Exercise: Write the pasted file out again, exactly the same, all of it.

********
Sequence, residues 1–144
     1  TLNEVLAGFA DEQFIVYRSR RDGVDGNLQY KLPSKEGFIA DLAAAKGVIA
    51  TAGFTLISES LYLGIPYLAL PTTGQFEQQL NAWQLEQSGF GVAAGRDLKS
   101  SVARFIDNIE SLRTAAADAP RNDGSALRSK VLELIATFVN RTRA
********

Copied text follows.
Sequence, residues 1–144
     1  TLNEVLAGFA DEQFIVYRSR RDGVDGNLQY KLPSKEGFIA DLAAAKGVIA
    51  TAGFTLISES LYLGIPYLAL PTTGQFEQQL NAWQLEQSGF GVAAGRDLKS
   101  SVARFIDNIE SLRTAAADAP RNDGSALRSK VLELIATFVN RTRA